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Peter T. Chattaway

Racing with Chariots

The many lives of "Ben-Hur."

Today, Ben-Hur is best-known as the 1959 film that grossed millions of dollars, won eleven Academy Awards and, coming three years after The Ten Commandments, cemented Charlton Heston's position as the personification of 1950s Bible epics. But the story of Judah Ben-Hur, and his quest for revenge against the childhood friend who betrayed him, had been immensely popular in a variety of media for almost eighty years before that film came out, and there have been several new tellings of the story in the decades since—culminating this year in a 3D action epic from the producers of The Bible, the Oscar-winning writer of 12 Years a Slave, and the director of such films as Abraham Lincoln: Vampire Hunter.

The new film's rather eccentric pedigree speaks to how this story has appealed to people on very different levels—some sacred, some unabashedly secular—ever since Lew Wallace's novel was published in 1880. As I write, the release of the new film is still several weeks away, so I cannot comment on it in detail here, but I just finished reading Bigger than Ben-Hur: The Book, Its Adaptations & Their Audiences, a collection of essays that look at everything from the original novel to the miniseries that aired on Canadian television in 2010. It has been fascinating to see how Wallace's story has evolved over the years and how the people who adapt it have often sold it as pure spectacle to a mass audience on the one hand while making a special pitch to Christians on the other hand. The story might morph over time, but the marketing has been remarkably consistent.

The parallels come through most clearly in Howard Miller's essay on the hugely successful stage adaptation that opened on Broadway in 1899 and toured the country until 1920. Consider: the play was marketed heavily to a religious audience that, until then, had avoided and even condemned the theater,[1] while the new film has actively courted the same "untapped audience" that made The Passion of the Christ a big hit 12 years ago; publicists for the play promised that it would function as a "sermon" for its audience, while publicists for the film have talked up its potential as "a powerful evangelism tool";[2] and renowned evangelists like Billy Sunday endorsed the play in newspaper ads, while the new film has a website filled with endorsements from pastors and parachurch ministry leaders.[3] (One key difference: the publicists for the play took pains to distance it from the Catholic Passion Play tradition, but the new film has been promoted across church boundaries at a time when many evangelicals have openly embraced Mel Gibson's cinematic contribution to that very same tradition.)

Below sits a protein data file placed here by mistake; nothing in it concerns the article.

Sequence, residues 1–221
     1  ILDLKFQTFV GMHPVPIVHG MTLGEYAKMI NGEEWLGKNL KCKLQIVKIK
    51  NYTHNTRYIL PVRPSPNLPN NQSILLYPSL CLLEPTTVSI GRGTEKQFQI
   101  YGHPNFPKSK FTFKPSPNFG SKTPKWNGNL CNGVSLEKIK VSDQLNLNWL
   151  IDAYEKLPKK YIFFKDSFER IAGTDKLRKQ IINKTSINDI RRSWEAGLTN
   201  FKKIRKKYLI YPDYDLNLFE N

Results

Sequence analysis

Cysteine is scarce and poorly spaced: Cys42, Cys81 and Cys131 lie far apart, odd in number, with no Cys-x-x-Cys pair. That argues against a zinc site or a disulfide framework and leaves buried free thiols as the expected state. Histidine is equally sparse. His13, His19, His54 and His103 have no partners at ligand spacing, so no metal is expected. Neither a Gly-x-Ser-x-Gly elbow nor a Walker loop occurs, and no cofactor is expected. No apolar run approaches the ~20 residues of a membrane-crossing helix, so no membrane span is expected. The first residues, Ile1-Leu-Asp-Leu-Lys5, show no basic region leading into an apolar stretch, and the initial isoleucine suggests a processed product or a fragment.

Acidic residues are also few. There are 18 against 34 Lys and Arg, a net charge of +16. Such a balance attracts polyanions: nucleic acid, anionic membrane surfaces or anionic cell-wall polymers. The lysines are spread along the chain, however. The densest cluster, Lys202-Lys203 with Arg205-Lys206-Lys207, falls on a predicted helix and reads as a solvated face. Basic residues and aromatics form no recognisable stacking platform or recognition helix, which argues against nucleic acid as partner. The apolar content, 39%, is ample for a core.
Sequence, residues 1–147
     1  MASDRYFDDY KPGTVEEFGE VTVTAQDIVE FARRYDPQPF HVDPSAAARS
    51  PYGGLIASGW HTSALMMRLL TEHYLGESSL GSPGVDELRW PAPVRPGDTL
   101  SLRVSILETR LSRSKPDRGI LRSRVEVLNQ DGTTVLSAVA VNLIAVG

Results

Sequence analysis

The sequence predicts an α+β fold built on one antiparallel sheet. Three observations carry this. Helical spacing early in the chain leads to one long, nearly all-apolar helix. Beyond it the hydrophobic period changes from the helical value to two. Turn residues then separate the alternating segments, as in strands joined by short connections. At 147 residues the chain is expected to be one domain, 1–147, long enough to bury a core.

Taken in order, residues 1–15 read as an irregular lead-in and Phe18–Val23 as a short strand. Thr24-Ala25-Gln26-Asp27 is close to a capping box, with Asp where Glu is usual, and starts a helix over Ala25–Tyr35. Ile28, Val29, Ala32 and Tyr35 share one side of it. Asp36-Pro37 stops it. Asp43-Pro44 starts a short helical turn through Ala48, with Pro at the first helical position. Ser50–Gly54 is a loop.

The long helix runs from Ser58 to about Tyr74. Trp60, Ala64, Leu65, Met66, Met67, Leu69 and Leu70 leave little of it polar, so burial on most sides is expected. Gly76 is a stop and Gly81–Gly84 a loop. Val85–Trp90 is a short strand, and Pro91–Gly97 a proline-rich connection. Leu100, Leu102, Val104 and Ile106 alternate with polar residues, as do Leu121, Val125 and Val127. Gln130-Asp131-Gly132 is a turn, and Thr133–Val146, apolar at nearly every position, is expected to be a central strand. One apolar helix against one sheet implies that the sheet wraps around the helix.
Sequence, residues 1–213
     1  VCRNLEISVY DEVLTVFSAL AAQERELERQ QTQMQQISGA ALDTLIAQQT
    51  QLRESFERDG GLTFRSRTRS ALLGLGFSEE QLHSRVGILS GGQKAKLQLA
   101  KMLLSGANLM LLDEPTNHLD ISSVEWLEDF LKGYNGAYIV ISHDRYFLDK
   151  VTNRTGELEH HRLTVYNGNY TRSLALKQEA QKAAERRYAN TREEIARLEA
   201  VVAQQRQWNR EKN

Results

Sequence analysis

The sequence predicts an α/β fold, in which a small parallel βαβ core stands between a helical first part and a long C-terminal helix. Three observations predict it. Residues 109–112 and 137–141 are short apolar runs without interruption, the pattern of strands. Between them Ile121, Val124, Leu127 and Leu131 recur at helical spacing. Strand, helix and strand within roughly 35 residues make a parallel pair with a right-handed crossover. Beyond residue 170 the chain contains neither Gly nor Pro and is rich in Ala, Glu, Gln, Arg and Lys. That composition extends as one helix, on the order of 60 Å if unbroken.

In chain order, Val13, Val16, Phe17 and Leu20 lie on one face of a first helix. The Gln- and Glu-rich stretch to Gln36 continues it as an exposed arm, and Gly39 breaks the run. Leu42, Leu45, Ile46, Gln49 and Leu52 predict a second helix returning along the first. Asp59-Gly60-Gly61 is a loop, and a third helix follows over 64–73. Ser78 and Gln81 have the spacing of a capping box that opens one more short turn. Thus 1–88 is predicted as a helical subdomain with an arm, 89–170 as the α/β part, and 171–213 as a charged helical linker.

Miller's essay is one of the book's highlights, but there are some other fascinating essays here that situate Wallace's novel within the various historical trends of its time. For example, Jefferson J. A. Gatrall explores how the novel came out near the peak of the Sunday school movement and was featured prominently in its libraries and curricula (back when Sunday schools were still considered a "movement"), while Hilton Obenzinger looks at how the novel's focus on one Jew's efforts to return to his homeland anticipated the rise of Zionism by just a few years.

Eran Shalev sets the book's treatment of the ancient Roman Empire against the evolving attitude toward ancient Rome within American society. He notes that the American founding fathers revered the Roman Republic and sought to emulate its political institutions, but by Wallace's time people had come to focus on the tyranny of the Roman Empire even as America itself was on the verge of imperial adventures of its own in the Pacific and the Caribbean. Something of the "good Roman" remains in Wallace's novel, most notably in the character of Quintus Arrius, the nobleman who adopts Judah as his son,[4] but it is the injustices of the Roman Empire that drive the story, from the torture and imprisonment of Judah's family and friends to the crucifixion of Jesus himself.

Co-editor Milette Shamir makes a similarly compelling case that Wallace's novel combines two kinds of narratives, both of which were very popular at that time: a future-oriented "progressive" plot, in which Judah achieves maturity as he moves out of Judea and into the heart of Roman society, and a nostalgic "regressive" plot, in which the hero returns home and tries to reunite with his mother and sister. In the end, these two genres are synthesized when Judah uses his wealth to support the budding Christian community in Rome—a plot element that has been left out of every Ben-Hur movie to date—and the reader is reminded that Rome itself, which once represented the future, now lies in the past, while religion, which had been associated with the past, is revealed to be the way of the future.